Reorganization without Bankruptcy: Untying the Gordian Knot That Destroys Firm Value
74 Pages Posted: 2 Nov 2020 Last revised: 21 Apr 2021
Date Written: August 1, 2020
This Article presents a new theory for analyzing bankruptcy-reorganization proceedings as well as a reorganization mechanism for public companies that may best meet legislative objectives: maximizing firm value and dividing it according to the claimants’ legal priorities. Called Gordian knot theory, it suggests that there is a strong structural and material connection between reorganization stages, whereby bargaining and litigation between the claimants over the reorganization pie lead to progressive destruction of the firm’s value and infringement on their legal rights. To demonstrate this theory, this Article focuses on reorganization’s allocation and reallocation stages—where the claimants’ original and new rights are determined, respectively—and how the connection between them prevents the legislative objectives from being met. Alternative approaches suggested for attaining these objectives, including Roe’s, Bebchuk’s, Baird’s, Aghion, Hart and Moore’s, and Adler and Ayres’ models, have focused on the firm’s valuation problem and suggested solving it by market mechanisms. The Gordian knot theory suggests, however, that it is impossible to attain the legislative objectives strictly by determining the firm’s value efficiently while leaving allocation problems to bargaining and litigation.
This Article further presents a new mechanism for public companies that overcomes this problem by structuring reorganization in a single shot that includes the allocation and reallocation of rights, while eliminating the need for bargaining and court proceedings. It is based on a firm’s going-concern warning that auditors have to issue, explicitly indicating that there is substantial doubt as to whether the firm could remain solvent over twelve months. Under this mechanism, the warning initiates twelve months of voluntary rehabilitation. Then, if the warning is still valid, the junior classes will be able to buy out all of the senior classes at a price of the latter’s claims, similar to Bebchuk’s options model. A successful buy erases the original debt and, if the claimants do not purchase the firm, it is considered insolvent. This Article presents this mechanism—called the reorganization without bankruptcy mechanism—and discusses its advantages: inter alia, in the pre-bankruptcy period, the firm is solvent, it has not breached its contracts, and it is not involved in complex allocation disputes. These advantages bring the reorganization process in line with the legislative objectives, and allow firms to achieve rehabilitation by allowing for funding based on market mechanisms and management’s sole discretion, providing management with incentives for adequate disclosure, and initiating rehabilitation based on objective criteria — all free of bargaining and litigation biases.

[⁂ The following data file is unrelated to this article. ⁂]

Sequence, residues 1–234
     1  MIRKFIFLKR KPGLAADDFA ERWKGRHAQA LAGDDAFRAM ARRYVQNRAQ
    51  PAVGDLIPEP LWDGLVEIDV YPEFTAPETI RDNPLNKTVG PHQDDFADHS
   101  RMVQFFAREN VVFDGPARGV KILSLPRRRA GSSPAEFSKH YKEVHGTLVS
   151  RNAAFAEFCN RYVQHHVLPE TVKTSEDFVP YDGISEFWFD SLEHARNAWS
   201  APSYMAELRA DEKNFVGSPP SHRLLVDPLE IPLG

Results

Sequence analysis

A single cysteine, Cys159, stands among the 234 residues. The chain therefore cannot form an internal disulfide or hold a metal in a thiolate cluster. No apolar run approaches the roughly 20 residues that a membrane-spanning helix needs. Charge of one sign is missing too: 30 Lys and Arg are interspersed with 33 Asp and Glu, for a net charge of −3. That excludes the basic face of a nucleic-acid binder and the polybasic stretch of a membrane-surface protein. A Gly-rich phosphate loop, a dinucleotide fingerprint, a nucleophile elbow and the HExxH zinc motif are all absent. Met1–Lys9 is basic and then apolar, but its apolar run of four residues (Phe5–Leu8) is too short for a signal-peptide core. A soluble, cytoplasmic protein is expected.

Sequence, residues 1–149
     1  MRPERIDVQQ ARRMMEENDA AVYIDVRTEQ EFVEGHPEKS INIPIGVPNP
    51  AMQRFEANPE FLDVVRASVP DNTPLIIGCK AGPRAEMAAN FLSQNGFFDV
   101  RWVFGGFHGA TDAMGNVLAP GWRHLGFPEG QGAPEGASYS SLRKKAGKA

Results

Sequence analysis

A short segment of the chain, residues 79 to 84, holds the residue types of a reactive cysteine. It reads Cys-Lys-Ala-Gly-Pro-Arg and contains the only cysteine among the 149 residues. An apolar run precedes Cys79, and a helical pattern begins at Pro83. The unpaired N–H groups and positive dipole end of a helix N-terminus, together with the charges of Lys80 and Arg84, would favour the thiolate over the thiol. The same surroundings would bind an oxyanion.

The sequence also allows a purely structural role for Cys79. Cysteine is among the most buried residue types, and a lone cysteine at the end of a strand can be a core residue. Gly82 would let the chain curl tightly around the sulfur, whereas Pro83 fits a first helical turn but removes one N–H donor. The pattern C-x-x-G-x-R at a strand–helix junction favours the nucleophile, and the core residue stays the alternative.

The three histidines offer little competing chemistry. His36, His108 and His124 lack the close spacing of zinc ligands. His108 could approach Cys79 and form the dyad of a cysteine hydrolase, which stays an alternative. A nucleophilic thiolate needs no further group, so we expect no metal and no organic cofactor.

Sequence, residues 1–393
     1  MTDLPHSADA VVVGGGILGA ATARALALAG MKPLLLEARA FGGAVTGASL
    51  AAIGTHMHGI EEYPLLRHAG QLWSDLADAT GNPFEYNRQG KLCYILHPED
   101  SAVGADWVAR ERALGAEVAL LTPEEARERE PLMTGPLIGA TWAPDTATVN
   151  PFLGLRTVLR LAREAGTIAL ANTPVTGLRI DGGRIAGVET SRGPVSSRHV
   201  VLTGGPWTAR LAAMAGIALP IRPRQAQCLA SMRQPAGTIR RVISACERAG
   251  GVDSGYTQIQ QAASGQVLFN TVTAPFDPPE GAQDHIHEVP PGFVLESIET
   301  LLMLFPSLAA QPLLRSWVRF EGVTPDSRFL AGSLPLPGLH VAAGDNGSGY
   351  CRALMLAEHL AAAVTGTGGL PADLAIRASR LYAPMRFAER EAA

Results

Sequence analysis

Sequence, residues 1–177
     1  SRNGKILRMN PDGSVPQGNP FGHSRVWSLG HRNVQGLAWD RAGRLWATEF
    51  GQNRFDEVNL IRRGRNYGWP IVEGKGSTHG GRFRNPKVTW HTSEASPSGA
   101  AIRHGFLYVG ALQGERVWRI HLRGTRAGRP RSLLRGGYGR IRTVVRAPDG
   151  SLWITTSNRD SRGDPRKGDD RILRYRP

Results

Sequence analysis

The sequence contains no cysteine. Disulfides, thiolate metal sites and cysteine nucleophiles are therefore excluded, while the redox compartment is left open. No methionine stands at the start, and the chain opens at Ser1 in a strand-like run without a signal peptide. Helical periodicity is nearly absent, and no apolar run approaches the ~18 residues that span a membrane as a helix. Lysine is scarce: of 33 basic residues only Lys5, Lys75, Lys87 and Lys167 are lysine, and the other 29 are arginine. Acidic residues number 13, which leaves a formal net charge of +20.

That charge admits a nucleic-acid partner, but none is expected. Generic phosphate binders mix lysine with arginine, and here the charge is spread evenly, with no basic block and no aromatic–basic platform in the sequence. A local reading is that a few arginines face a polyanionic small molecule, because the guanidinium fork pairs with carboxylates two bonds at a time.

Keywords: Bankruptcy, Reorganization, Firm Value, Gordian Knot Theory, Reorganization Without Bankruptcy Mechanism, Going Concern Warning, Public Company, Allocation Stage, Reallocation Stage, Bargaining Theory, Litigation Costs
JEL Classification: C7, G33, M4, K22
Suggested Citation: Suggested Citation